For Jo at Swillington, Christmas dinner tends to be whatever is left over from her supply, but she has a well-deserved rest on Christmas day when son Ed cooks up the family meal and all the trimmings in the farmhouse kitchen. Shes keen to put people back in touch with their food and every year organises turkey walks so they can get more of a feel for how the birds are reared and cared for. Basically they can come and meet their Christmas dinner, she says. Each year we get a couple from Cumbria who travel by train for one of our slow growing organic turkeys, she adds. Ultimately, people will travel far for a good bird.

Words by Annie Stirk.

Photography by Andy Bulmer.

Contacts

Swillington Organic Farm
Garden Cottage, Coach Road, Swillington, Leeds, LS26 8QA, 0113 286 9129,
07974 826 876
swillingtonorganicfarm.co.uk


Hostingley Farm Free Range

Hostingley Farm, Thornhill, Dewsbury, WF12 0QJ, 01924 272 570
hostingleyfarmfreerange.co.uk


John Wright Turkeys

Holmes Turkey Farm, Wyton, Bilton, Hull, HU11 4DJ, 01482 811421
johnwrightturkeys.co.uk
With some 40-years experience, Johns free-range turkeys are something special, coming wrapped in a gift box complete with giblets, cooking instructions, a cooking timer and a sprig of rosemary.


Herb Fed

Unit 1, Woodmans House, Pilmoor, York, YO61 2QG, 01845 501168
herbfedpoultry.co.uk
Edward Wilkinson left a job in the city to start a food business in his native North Yorkshire, and after hitting upon the idea of rearing bronze turkeys he began experimenting with their feed, serving up herbs from his aunts farm Herbs Unlimited. The result is moist and distinctive meat that has already won many, many fans.


Yorkshire Geese

Southfield Farm, South Street, Leven, HU17 5NY, 01964 543993, 07949 648445 yorkshiregeese.co.uk

Top five tips for a top-notch bird

1 Think about the number of people you need to feed before selecting your bird 10 people will go very hungry if theres just one duck. Roughly speaking, a 4.5kg (10lb) goose or a 3.5kg (8lb) turkey will feed six to eight people, while a 2kg (5lb) duck will serve four people so youll need two or three of these for a big party. Also, make sure your oven can accommodate your birds.

2 Always bring the bird out of the fridge in advance so they can come up to room temperature before going into the oven. A whole duck will take about an hour, while bigger birds may take two.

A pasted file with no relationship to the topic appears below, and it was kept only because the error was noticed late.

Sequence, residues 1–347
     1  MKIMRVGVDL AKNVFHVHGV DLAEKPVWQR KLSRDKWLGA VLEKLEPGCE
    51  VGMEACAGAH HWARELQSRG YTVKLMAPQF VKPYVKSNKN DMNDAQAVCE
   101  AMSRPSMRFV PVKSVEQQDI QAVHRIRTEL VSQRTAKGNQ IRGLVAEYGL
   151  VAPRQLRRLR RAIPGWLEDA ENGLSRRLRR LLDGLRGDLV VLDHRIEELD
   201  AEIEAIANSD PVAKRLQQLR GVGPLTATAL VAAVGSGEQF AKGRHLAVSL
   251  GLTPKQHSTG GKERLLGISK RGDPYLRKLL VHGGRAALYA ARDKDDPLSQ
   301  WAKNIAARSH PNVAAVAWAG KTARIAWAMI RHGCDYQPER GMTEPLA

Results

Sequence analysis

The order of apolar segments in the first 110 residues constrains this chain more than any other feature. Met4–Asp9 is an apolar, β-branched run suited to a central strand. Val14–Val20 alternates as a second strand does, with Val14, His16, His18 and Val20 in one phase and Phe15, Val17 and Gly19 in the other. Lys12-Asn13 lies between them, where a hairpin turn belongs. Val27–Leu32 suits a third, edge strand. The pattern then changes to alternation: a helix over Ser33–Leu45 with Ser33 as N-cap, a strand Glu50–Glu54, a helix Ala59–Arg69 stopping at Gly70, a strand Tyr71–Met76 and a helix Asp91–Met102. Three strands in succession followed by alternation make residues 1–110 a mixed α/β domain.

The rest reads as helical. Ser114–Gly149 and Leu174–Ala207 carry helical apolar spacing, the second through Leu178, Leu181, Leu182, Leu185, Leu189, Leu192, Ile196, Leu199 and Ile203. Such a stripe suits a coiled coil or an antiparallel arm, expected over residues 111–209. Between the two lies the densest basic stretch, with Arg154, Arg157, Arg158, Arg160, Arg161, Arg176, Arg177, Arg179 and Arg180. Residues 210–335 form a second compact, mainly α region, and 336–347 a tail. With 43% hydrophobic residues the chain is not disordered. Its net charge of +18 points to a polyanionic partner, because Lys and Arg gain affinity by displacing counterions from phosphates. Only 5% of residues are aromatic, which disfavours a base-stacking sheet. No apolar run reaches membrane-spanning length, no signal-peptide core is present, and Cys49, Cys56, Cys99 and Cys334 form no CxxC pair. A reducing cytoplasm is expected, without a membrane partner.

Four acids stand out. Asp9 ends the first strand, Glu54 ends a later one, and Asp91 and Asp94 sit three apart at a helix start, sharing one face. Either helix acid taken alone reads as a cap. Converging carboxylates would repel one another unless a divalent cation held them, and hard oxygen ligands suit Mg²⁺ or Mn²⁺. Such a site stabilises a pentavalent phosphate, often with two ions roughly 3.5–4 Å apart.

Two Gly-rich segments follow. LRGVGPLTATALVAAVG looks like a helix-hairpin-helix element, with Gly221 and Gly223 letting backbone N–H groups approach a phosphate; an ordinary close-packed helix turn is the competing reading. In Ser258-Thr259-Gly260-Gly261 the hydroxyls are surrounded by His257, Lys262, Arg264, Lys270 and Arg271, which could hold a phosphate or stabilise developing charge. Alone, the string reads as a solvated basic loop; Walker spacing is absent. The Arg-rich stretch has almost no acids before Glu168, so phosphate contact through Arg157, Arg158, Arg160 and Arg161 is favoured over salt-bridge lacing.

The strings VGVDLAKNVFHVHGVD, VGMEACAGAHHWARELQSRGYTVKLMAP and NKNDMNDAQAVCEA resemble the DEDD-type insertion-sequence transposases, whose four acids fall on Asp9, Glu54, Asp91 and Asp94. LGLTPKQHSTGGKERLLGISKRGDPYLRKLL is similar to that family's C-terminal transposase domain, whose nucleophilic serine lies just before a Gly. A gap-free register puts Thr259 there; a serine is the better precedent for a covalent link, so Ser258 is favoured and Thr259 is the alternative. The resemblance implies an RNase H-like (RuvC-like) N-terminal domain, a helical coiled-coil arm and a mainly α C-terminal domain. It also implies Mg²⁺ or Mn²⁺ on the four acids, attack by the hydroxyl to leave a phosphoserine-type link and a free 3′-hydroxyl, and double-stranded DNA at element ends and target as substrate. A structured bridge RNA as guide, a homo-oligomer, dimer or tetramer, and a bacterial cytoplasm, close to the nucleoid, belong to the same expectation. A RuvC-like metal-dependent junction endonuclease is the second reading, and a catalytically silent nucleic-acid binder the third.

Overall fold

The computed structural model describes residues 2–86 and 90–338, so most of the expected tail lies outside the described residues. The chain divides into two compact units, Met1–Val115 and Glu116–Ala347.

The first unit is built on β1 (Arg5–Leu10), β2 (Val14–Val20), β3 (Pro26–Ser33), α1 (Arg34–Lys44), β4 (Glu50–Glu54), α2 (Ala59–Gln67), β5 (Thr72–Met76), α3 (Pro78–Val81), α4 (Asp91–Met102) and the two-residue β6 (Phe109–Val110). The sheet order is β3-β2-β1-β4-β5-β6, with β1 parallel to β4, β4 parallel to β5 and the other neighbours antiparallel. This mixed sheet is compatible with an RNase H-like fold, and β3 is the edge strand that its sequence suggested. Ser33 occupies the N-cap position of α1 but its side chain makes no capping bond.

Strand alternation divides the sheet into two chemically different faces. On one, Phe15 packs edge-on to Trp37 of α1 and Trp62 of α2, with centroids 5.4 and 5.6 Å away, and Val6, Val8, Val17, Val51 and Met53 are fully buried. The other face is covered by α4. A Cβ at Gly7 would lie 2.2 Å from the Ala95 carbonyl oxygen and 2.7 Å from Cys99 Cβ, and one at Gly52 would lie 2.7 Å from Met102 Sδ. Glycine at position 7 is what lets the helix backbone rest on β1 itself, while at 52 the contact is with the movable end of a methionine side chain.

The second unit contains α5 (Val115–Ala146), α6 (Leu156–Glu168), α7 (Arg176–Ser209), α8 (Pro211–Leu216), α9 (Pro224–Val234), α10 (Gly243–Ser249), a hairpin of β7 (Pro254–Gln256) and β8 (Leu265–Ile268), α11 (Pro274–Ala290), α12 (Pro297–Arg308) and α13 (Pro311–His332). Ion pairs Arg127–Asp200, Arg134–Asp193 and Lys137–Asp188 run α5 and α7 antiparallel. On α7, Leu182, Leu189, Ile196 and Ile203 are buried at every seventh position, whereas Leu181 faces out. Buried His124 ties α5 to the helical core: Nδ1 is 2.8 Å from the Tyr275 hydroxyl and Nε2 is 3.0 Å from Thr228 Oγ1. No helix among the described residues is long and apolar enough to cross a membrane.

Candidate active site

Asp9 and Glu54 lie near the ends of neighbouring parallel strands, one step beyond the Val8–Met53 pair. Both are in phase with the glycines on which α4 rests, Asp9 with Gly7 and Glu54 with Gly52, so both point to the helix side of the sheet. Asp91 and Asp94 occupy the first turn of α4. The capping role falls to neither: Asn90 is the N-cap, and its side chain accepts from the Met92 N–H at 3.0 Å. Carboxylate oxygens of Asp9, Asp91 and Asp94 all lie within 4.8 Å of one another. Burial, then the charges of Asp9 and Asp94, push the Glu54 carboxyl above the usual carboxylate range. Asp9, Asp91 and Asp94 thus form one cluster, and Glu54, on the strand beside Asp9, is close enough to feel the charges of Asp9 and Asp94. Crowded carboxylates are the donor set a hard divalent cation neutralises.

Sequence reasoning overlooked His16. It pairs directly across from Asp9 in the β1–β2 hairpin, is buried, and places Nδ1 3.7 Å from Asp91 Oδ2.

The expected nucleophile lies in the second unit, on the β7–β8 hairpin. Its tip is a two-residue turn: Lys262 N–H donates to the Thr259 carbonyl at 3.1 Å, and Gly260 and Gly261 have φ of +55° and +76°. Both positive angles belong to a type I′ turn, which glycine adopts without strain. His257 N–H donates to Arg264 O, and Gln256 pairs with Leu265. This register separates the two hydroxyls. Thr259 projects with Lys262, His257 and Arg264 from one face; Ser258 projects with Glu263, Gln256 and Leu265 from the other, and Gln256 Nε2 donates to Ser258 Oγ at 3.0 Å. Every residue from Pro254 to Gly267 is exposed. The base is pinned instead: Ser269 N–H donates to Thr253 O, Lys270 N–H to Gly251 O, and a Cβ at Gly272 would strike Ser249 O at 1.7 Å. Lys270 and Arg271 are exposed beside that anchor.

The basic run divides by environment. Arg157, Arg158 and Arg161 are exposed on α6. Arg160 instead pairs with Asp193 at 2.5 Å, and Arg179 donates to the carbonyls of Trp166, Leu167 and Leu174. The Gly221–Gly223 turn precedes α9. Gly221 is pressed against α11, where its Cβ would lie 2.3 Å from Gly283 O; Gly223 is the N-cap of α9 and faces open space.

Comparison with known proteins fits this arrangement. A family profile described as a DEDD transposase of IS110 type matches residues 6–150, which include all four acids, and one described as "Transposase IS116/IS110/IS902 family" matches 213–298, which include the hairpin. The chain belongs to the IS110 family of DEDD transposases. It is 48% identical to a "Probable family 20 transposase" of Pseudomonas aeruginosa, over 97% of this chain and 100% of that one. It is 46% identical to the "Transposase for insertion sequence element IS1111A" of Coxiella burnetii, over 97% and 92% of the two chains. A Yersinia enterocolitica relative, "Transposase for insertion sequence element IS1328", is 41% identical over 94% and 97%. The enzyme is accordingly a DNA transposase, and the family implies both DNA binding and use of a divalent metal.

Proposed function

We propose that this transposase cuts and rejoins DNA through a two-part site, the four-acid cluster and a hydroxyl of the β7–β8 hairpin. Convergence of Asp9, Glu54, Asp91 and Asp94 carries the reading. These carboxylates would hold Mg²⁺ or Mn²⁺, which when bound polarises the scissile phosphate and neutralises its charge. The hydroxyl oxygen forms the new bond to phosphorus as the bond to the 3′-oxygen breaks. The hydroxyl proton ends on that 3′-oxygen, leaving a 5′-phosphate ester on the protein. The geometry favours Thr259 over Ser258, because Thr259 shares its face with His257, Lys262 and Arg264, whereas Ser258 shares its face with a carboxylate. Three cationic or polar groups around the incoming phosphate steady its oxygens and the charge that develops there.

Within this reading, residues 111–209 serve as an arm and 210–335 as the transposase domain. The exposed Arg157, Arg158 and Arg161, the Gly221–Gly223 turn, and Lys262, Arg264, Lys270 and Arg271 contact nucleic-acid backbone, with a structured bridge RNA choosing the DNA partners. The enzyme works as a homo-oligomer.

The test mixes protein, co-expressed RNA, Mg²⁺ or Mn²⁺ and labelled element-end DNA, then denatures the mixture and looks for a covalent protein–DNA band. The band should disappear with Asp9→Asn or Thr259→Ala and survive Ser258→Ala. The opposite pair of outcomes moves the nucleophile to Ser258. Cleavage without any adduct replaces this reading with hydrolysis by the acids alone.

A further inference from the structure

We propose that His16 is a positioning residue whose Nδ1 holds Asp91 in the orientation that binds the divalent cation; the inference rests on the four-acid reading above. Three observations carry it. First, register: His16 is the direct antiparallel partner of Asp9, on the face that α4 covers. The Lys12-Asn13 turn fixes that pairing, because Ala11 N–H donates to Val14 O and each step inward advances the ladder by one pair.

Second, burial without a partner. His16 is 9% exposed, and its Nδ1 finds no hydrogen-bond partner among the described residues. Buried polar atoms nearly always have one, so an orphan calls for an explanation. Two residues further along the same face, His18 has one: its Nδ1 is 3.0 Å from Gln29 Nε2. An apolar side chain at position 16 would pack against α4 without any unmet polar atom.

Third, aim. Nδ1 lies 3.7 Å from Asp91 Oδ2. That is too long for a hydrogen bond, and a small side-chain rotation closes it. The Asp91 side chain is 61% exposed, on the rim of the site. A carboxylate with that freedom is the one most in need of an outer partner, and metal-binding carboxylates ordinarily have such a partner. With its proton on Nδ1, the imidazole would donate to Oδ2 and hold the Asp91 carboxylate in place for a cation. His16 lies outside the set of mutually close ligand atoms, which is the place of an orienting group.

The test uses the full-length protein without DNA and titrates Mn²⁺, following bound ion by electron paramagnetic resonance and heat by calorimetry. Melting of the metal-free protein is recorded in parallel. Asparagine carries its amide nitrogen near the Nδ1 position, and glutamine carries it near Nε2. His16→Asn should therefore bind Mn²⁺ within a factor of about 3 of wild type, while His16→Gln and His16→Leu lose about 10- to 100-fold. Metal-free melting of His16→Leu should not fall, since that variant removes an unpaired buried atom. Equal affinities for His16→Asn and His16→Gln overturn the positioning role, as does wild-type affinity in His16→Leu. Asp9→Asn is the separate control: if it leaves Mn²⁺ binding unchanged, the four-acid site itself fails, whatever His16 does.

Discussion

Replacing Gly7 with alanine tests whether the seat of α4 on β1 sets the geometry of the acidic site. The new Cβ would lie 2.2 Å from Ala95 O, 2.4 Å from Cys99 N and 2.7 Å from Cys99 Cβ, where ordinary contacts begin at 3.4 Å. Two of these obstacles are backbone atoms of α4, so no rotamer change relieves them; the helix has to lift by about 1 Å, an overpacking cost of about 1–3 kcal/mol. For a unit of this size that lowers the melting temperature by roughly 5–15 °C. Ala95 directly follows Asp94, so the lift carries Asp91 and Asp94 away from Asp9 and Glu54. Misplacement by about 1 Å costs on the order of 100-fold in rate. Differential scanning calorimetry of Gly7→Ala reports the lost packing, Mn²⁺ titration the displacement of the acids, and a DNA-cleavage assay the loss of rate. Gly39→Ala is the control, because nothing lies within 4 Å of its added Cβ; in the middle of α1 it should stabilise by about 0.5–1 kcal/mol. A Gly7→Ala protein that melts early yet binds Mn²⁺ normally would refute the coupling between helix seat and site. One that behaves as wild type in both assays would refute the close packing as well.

3 Make the stuffing in advance to save time on the day (it also tastes twice as good.) Duck is very versatile and goes well with all sorts of stuffing; try mandarin orange with finely chopped celery, onions and breadcrumbs, or pancetta with chopped prunes and chestnuts. Goose is lovely with cubed apples and herbs, or pear and celeriac with sausagemeat, breadcrumbs and sage, while turkey shouts out for the obligatory pork, sage and onion, although cranberry, bacon and walnut are equally luxurious.

4 Line the roasting tray in foil (to avoid spending most of Christmas scraping pans). Wrap the bird loosely in foil and wrap its legs to prevent singeing. A 4.5kg (10lb) goose and a 4-5kg turkey will take approximately 3 hours, while a 1.75-2kg duck around 2 hours at around 180C, but always check the instructions the bird comes with. Cook for about half the cooking time and then remove the foil and baste with the juices every 20 minutes until the cooking time is up. Pour off any surplus fat, or, with goose and duck, siphon off the fat to use for delicious roast potatoes. You can also cook your bird in advance and keep it warm, wrapped in foil and a tea towel, while all the other dishes are cooking.

5 Check your bird is cooked by putting a skewer through the thigh; if the juices run clear its cooked. (if its pink it needs more time). Have a glass of Sherry, rest up and rest your bird for around 30 minutes so it retains all those lovely juices, then serve with all the trimmings.